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BLM relocates staff to western states from Washington D.C.

by Wyoming Livestock Roundup

As the Bureau of Land Management (BLM) plans to relocate staff to Grand Junction, Colo. to create a western headquarters, only 15 employees will be reassigned to Wyoming.

Ten of those employees will support the Wyoming BLM from Cheyenne, according to the Washington, D.C. press office.

            In response to questions about changes in Wyoming and field offices, the press office sent an e-mail saying, “Under this relocation, BLM positions based in the Washington, D.C. headquarters are primarily being added at the state office level.”  

            The press office continues, “The relocation of these positions to western locations, such as Cheyenne, will benefit states, as the presence of additional staff who possess experience and expertise in performing duties addressing headquarters priorities, while also meeting the needs of each state’s local, daily operations.”

            The Oct. 11 e-mail cites many benefits ahead for BLM. These benefits include more decision-making authority being moved to the field, closer to the lands the BLM manages. Stronger organizational effectiveness will enable closer oversight and accountability. More seasoned, senior staff working closer to junior employees will increase opportunities for mentoring and training of future leaders.

            It will improve relationship building with partners and foster better understanding with western communities. Many employees will experience a reduced cost of living.

            There are also benefits for taxpayers. The BLM is acquiring less expensive office space, in most cases, while decreasing travel costs.

Field offices

            After the departure of former Pinedale Field Office Manager Caleb Hiner, Doug Linn has been in place as acting director. When asked if field offices or districts might be realigned in Wyoming, state BLM Spokesman Brad Purdy said the current acting positions won’t be affected by the move.

            “Outside of the hiring restrictions related to the D.C. move, which state that any GS-12 or above position must first be advertised internally and if a qualified applicant applies BLM would consider this candidate, the move doesn’t have an impact to any of the current acting positions at BLM Wyoming,” Purdy says.

            Also, field offices are consolidating more duties with fewer staff, one example being the Rock Springs Field Office doing a large part of environmental analyses for Sublette County lease parcels coming up for sale. Both are in the High Desert District.

            “It’s very common for one field office to assist another field office,” Purdy says. “At the end of the day, BLM is a team – no field, district or state office operates in a bubble – we work together.”

Balash letter

            Attached to the national BLM press office’s statement was the July 16 letter from then-Assistant Secretary for Lands and Minerals Joe Balash to Sen. Lisa Murkowski (R-AK), chair of the Subcommittee on Interior and Environment, describing the BLM’s realignment of resources to the West.

            Balash writes, “Time and again Interior Secretary David Bernhardt has received feedback from members of Congress, governors, local officials and citizens closest to the resources that their BLM state, district or field office is understaffed or lacks resources to support the needs of their constituents. Under our proposal, every western state will gain additional staff resources.”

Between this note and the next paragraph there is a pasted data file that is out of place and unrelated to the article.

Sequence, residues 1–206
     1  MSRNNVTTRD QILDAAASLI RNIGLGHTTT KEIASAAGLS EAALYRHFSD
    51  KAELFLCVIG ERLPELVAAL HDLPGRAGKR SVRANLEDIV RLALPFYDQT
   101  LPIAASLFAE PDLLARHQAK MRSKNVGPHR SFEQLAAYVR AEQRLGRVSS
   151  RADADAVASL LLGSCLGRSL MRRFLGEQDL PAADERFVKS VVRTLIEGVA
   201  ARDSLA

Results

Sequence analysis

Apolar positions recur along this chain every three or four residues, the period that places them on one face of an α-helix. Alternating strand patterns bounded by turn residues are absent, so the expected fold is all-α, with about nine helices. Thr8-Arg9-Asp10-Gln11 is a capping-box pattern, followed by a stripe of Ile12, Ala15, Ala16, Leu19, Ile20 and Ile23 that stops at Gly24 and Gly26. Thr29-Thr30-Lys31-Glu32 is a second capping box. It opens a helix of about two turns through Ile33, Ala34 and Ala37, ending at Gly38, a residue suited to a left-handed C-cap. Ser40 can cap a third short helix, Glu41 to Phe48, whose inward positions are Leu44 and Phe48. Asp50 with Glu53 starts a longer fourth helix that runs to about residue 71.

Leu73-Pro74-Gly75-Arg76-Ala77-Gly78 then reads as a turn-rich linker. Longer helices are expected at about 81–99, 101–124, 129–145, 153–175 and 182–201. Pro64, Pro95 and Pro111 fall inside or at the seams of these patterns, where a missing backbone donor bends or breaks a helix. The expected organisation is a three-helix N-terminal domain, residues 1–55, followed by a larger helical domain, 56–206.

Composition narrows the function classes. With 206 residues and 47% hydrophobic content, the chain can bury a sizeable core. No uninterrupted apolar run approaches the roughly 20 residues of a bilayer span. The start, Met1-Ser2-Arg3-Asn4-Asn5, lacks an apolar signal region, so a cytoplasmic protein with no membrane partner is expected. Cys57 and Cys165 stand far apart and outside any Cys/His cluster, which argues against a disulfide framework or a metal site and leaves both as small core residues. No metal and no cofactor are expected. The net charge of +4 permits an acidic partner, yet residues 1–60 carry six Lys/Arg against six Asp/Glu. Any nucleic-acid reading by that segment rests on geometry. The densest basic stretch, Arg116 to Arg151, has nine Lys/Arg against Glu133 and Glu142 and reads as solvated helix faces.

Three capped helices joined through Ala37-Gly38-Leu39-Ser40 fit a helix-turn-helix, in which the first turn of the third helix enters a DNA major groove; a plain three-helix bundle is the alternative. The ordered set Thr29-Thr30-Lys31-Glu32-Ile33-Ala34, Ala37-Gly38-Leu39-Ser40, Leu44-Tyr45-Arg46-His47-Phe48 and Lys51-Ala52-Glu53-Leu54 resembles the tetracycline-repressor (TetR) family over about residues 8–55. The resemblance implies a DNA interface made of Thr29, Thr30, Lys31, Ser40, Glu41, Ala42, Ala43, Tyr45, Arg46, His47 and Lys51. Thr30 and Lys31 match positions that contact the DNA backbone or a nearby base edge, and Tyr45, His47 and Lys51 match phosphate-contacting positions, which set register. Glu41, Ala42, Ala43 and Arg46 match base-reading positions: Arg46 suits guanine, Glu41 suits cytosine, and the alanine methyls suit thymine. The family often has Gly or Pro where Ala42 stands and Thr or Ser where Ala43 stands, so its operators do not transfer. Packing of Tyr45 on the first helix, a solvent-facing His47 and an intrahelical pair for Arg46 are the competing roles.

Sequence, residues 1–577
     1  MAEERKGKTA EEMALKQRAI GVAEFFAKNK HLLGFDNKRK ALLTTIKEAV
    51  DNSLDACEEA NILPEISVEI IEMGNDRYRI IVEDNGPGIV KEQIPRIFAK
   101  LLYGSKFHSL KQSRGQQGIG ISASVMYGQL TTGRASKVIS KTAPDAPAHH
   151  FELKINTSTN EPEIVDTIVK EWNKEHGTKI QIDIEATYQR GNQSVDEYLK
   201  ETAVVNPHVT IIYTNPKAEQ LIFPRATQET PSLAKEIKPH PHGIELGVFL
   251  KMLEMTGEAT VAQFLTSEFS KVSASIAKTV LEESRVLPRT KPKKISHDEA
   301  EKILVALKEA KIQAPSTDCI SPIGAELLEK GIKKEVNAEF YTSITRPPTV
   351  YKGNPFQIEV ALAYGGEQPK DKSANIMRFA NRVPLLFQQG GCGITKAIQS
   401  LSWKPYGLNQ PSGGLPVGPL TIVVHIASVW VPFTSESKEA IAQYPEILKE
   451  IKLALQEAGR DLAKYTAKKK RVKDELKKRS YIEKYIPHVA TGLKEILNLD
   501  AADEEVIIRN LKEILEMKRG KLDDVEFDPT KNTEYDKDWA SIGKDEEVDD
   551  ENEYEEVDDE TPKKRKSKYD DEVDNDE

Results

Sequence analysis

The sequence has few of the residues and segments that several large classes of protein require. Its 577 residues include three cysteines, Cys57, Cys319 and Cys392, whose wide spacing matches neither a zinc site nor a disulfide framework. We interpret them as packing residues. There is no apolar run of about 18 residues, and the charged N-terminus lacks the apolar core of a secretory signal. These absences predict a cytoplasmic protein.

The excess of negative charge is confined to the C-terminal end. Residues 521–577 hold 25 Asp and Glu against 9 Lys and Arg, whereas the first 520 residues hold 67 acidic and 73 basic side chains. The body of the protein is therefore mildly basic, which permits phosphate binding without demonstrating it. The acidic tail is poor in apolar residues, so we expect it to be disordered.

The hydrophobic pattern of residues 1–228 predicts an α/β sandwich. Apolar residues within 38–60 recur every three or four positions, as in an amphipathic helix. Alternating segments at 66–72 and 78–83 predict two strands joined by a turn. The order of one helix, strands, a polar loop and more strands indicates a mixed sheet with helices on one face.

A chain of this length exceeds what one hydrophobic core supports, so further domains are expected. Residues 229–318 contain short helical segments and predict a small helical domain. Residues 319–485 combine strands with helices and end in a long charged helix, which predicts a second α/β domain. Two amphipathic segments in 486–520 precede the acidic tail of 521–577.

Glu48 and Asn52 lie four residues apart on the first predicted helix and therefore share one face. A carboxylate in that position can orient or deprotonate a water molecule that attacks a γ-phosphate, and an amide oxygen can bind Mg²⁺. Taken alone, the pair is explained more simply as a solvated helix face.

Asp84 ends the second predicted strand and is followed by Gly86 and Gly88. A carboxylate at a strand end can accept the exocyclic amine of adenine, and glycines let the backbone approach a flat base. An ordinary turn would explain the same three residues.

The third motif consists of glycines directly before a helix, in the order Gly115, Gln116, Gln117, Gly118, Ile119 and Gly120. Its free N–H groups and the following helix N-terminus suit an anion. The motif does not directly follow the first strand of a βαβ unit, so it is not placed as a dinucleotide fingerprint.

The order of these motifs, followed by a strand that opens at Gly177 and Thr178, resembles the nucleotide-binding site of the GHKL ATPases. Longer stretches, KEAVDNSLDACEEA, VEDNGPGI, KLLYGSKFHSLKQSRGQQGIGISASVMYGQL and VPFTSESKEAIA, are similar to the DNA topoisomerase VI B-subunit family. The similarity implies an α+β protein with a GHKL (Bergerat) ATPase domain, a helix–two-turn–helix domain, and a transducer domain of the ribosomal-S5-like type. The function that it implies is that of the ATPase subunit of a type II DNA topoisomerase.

He writes, after 550 positions were evaluated and 166 were already in the field, BLM will allocate 74 headquarters positions to BLM state offices, some of which have been vacant for years.

            Cheyenne is slated to get 10 of those state positions, second only to 17 assigned to Nevada, according to the chart provided by Balash.

            “With such large leadership numbers of senior leadership located in D.C., policy direction often comes from individuals who have very little interaction with the constituents and the land itself that are most impacted by BLM policies,” Balash writes.

Changes by numbers

            Wyoming as a whole will be assigned another five staff members in energy, minerals and realty management for a total of 15 new or reassigned staff.

            “Placement in this state is logical given these positions are all directly tied to the BLM’s leasing programs and there is an immediate staffing need to support programs in the Powder River Basin,” he explains in the letter. “Additionally, having the co-lead and economists for these programs located in Wyoming will provide a national leadership presence closest to the majority of the public served by these programs.”

            Another immediate need is increased staff for the Wild Horse and Burro Program, communications and National Conservation Lands programs.

            Colorado will receive 58 new positions, Nevada will receive 49, Utah will receive 44, Alaska will receive four, Arizona will receive 39, California will receive 20, Idaho will receive 18, Montana will receive three and Oregon will receive five additional positions.

With these moves, he said, travel costs can decrease, relationships can be built through frequent and meaningful engagement and allow problem solving to occur earlier in the decision-making process and facilitating better outcomes when a complex decision or problem arises.

Joy Ufford is a corresponding writer for the Wyoming Livestock Roundup. Send comments on this article to

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